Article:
Activity-specific pathways among duration of organized activity involvement, social support, and adolescent well-being: Findings from a nationally representative sample.
Journal of Adolescence
adolescent, organized activity, sports, physical activity, self-esteem, social support, substance use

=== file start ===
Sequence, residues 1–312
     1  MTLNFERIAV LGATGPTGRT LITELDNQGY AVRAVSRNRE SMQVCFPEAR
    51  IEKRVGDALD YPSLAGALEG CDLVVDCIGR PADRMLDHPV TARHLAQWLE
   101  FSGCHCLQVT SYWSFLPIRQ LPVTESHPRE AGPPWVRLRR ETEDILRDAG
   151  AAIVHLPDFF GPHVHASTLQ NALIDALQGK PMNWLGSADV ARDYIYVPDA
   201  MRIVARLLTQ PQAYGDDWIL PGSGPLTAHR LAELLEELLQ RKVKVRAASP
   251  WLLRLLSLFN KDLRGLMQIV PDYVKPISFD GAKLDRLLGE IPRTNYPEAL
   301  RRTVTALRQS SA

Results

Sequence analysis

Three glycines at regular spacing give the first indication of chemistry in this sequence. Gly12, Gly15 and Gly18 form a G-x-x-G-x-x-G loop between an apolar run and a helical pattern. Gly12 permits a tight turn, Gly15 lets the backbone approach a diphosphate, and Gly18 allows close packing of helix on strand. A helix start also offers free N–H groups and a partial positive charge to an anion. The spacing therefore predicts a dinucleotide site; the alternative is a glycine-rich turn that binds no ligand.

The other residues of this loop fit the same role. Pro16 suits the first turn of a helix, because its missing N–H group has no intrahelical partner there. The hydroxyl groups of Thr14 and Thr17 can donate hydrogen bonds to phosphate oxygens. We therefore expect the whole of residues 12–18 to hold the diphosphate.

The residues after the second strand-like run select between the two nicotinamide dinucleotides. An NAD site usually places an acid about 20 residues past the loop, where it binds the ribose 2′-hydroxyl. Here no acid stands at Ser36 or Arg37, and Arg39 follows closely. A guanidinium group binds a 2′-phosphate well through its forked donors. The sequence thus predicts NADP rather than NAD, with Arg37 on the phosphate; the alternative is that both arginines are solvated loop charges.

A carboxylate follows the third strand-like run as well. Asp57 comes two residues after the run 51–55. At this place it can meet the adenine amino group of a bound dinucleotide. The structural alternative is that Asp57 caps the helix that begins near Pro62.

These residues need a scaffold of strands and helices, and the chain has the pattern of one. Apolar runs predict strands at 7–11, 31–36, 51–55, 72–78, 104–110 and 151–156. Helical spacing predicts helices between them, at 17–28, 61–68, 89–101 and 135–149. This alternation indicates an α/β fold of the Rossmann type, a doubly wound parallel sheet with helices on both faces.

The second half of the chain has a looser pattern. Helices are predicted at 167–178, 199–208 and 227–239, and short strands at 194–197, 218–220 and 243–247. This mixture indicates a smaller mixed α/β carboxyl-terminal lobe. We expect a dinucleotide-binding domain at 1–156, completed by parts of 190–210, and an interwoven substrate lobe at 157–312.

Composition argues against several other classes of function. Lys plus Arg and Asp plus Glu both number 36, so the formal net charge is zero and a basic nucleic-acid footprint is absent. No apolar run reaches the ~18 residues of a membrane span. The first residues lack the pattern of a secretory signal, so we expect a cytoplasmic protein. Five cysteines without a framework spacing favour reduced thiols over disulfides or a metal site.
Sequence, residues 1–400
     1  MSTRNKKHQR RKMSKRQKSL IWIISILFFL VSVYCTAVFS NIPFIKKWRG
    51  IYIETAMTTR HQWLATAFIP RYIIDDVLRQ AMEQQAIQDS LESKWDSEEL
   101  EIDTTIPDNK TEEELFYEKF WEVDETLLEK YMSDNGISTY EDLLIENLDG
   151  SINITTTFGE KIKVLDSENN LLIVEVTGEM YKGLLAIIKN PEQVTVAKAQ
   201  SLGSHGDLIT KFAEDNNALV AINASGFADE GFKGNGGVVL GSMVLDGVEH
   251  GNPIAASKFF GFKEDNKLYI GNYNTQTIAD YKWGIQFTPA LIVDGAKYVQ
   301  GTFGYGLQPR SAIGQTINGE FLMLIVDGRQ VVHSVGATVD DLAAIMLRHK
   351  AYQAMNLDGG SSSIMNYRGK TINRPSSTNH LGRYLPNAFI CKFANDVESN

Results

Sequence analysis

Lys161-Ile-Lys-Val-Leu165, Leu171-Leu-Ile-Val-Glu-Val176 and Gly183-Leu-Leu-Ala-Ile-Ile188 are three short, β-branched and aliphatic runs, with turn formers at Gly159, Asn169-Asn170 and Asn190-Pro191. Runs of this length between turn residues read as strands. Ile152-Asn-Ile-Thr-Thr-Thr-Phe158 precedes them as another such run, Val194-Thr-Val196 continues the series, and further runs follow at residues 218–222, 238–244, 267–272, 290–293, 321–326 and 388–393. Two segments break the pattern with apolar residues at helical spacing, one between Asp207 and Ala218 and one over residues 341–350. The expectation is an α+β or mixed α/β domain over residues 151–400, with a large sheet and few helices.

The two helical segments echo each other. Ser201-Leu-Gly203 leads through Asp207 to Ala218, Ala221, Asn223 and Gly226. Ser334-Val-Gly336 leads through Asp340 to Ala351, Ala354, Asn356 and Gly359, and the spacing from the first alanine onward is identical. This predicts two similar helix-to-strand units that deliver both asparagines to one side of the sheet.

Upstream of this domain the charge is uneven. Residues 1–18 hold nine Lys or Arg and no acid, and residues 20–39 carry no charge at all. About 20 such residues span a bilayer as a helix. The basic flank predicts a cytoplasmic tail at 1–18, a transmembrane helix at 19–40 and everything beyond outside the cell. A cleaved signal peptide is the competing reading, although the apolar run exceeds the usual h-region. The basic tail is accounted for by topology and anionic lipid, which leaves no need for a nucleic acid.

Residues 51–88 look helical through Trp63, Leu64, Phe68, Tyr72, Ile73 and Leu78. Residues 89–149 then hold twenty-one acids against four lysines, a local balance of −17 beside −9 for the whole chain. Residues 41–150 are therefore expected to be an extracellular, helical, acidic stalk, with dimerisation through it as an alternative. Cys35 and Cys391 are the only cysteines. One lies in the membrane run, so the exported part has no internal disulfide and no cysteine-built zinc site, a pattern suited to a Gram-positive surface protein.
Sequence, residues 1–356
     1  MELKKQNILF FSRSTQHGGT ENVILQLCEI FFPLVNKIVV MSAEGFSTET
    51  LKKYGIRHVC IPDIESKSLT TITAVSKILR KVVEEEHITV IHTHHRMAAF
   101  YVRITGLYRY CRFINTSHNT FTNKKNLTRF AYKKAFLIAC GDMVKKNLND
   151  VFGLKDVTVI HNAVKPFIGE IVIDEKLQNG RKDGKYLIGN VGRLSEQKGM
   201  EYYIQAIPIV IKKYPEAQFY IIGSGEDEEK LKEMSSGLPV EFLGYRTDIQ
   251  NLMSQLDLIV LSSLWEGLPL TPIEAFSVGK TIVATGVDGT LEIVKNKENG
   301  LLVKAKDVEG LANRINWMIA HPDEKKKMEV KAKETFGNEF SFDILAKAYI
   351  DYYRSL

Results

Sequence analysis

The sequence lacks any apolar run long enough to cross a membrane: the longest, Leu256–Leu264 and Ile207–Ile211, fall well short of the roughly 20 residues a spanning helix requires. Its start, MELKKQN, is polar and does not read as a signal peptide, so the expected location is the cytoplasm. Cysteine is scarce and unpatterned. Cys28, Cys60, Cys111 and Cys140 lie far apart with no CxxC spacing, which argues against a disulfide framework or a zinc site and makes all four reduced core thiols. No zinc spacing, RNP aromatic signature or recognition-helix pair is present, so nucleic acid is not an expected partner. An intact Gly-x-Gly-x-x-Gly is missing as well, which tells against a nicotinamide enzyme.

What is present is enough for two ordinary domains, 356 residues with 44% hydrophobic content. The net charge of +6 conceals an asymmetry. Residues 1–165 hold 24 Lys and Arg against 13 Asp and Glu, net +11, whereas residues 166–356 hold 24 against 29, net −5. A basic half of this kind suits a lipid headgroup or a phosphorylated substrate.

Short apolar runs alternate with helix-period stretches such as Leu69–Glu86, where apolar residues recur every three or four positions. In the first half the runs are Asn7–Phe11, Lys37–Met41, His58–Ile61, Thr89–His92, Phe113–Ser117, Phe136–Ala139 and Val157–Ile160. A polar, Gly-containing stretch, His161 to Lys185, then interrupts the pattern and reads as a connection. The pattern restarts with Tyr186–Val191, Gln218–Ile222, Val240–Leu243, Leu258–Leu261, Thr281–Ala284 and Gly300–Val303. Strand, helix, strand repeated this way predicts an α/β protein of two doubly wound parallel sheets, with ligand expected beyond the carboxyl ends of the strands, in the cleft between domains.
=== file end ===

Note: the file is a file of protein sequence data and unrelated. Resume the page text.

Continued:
Using data from N = 10,148 American youth (Mage = 15.18) who participated in the National Comorbidity Survey Adolescent Supplement, we tested whether duration of involvement in specific organized activities was associated with different sources of social support, and whether these links explained the health-related benefits affiliated with participation. Duration of involvement in certain activities was differentially associated with support from peers, teachers, and other adults, and many of these links partially mediated associations between involvement and well-being. Specifically, greater duration of sports involvement was indirectly associated with higher self-esteem and greater physical activity through greater adult support. Greater duration of club involvement was indirectly associated with greater physical activity through higher adult support and greater duration of music involvement was indirectly associated with lower substance use and greater self-esteem through greater teacher support. Prolonged engagement in specific activities may cultivate certain types of supportive relationships, which may promote adolescent well-being.